[Owasp-cambridge] Joint OWASP Cambridge & BCS East Anglia “An Evening with GDPR” Tuesday 7th November 2017

Adrian Winckles adrian.winckles at owasp.org
Wed Oct 25 13:37:55 UTC 2017

 “An Evening with GDPR” Tuesday 7th November 2017

Tuesday 7th November 2017 18:15 – 20:45, Lord Ashcroft Building
(LAB003/LAB006), Anglia Ruskin University, Cambridge.

Hosted by the Cyber Security & Networking Research Group, Anglia Ruskin
University, British Computer Society (BCS) East Anglia Region, UK Cyber
Security Forum Cambridge Cluster and OWASP (Open Web Application Security
Project) Cambridge Chapter

This evening is part of a series of 1 Day Workshops and evening events on
raising awareness for local  businesses & organisations on the issues of
cyber security and cybercrime, what regulations and legislation do
organisations need to be aware to protect themselves and what is considered
best practice in these challenging times.

In 6 months Europe's data protection rules will undergo their biggest
changes in almost 2 decades. Since they were conceived in the 90s, the
amount of digital information we create, capture, and store has
exponentially increased.  In simple terms, the old regime was no longer fit
for purpose.

The solution is the mutually agreed European General Data Protection
Regulation (GDPR), which will come into force on May 25 2018. It will
change how businesses and public sector organisations can handle the
information of customers.

The regulation has spawned a raft of “GDPR expertise” and scaremongers who
predict the “end of the world as know it” .  In our evening, we have two
expert opinions of what GDPR should mean to you and your business both from
an IT Security and a Legal Point of View.

*Background *

The British Computer Society (BCS) East Anglia Region represents the
computing profession in the Eastern region providing networking
opportunities for professionals and companies, a forum for continuing
professional development and encouraging young people to enter and stay in
technology based business.

The Cambridge Cyber Security Cluster is an affiliate UK Cyber Security
Forum, a government and industry led partnership which will look at how the
region can develop the skills and infrastructure to combat cyber security

OWASP (Open Web Application Security Project is a 501(c)(3) not-for-profit
worldwide charitable organization focused on improving the security of
application software. Their mission is to make application security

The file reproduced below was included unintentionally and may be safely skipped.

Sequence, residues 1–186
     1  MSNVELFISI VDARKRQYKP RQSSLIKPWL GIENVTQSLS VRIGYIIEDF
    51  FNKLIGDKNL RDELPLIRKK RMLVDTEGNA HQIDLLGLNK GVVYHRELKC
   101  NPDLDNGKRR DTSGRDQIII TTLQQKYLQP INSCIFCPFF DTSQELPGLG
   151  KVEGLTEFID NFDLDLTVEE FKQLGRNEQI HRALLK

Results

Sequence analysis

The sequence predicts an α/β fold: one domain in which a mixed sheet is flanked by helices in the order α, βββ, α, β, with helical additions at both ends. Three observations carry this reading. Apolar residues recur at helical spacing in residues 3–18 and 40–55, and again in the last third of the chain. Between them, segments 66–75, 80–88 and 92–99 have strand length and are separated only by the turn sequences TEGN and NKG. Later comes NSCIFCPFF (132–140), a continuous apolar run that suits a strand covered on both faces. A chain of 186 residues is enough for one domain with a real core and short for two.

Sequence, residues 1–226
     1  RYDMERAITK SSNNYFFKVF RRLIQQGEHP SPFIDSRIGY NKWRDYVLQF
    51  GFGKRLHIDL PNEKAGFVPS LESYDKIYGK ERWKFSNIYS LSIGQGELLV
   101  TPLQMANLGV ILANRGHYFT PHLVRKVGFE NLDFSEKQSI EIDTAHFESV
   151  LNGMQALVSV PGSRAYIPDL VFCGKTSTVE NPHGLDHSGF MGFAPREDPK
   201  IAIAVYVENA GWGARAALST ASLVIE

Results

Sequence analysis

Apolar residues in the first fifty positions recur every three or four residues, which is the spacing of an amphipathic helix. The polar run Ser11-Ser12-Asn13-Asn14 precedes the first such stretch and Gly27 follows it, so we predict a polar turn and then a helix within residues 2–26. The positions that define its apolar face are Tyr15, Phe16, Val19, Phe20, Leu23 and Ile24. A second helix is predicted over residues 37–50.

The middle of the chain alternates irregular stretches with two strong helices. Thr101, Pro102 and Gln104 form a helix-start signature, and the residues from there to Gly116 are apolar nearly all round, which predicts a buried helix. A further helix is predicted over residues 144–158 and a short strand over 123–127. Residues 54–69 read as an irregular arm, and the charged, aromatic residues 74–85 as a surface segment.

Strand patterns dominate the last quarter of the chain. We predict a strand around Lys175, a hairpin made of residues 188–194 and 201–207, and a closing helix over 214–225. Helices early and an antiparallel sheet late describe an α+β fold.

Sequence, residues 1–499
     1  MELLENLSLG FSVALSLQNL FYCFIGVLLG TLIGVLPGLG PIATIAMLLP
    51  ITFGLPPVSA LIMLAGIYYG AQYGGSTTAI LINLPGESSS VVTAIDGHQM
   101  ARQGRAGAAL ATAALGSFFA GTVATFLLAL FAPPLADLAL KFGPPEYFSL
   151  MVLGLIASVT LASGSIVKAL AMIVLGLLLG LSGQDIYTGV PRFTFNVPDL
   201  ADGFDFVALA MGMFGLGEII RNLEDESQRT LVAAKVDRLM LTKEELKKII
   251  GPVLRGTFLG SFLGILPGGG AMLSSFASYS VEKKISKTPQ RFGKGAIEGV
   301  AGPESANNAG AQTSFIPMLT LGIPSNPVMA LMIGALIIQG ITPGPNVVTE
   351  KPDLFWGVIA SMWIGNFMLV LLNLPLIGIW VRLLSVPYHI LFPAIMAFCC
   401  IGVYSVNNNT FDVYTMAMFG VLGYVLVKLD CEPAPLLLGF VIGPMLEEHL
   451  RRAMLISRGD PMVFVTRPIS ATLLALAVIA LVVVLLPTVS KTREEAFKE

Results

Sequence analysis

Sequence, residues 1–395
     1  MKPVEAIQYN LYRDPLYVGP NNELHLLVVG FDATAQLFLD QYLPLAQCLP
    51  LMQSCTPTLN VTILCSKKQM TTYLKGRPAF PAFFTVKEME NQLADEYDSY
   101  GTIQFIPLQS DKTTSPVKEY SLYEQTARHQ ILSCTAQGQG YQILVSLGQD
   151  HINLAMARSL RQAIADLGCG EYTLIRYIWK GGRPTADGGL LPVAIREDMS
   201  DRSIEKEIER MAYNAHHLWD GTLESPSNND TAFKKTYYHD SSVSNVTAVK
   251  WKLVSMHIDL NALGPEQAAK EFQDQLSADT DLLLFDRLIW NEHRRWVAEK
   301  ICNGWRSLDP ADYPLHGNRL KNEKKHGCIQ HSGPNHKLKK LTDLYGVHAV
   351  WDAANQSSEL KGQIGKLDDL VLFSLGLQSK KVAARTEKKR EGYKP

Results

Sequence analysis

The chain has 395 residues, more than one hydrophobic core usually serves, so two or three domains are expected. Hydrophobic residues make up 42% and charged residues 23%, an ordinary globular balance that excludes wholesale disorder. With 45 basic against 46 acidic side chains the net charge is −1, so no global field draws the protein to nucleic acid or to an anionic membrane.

visible, so that people and organizations can make informed decisions about
true application security risks.

The *Cyber Security and Networking *(*CSN*) Research Group at Anglia Ruskin
University has close working strategic relationships with industry,
professional bodies, law enforcement, government agencies and academia in
the delivery of operationally focused applied information and application
security research.  We have strong international links with professional
organisations such as OWASP, BCS, ISC2, IISP & the UK Cyber Security Forum
amongst others.  The primary aims of CSNRG are to help the UK and partner
nations to tackle cybercrime, be more resilient to cyber attacks and
educate its users for a more secure cyberspace and operational business
environment.  These will be achieved through the investigation of threats
posed to information systems and understanding the impact of attacks and
creation of cyber-based warning systems which gathering threat
intelligence, automate threat detection, alert users and neutralising
attacks.  For network security we are researching securing the next
generation of software defined infrastructures from the application API and
control/data plane attacks. Other key work includes Computer forensic
analysis, digital evidence crime scenes and evidence visualisation as well
as Cyber educational approaches such as developing Capture the Flag (CTF)
resources and application security programs.

*Speaker Biographies & Abstracts*
Dr Reza Alavi – Chair of BCS Information Risk Management and Assurance SG

Reza has been working in various IT positions in the last 27 years and
currently working as an information security consultant. He worked as
International Marketing Manager in two companies, which specialise in wide
range of consultancy services such as information security, risk
management, business continuity and IT governance in the Middle East.

His current work as security consultant includes, specialising in
information security coaching, helping his clients to become more effective
and efficient typically through the strategic of information systems, risk
management and security governance. Having significant experience of the
commercial and financial sectors in various parts of the globe working with
variety of cultures and work ethics enables him to understand current
security requirements and threat landscape to achieve better outcome in GRC

Reza is currently chairing the “Information Risk Management and Assurance
(IRMA)” specialist group in BCS and sits on the RM/1 Risk Management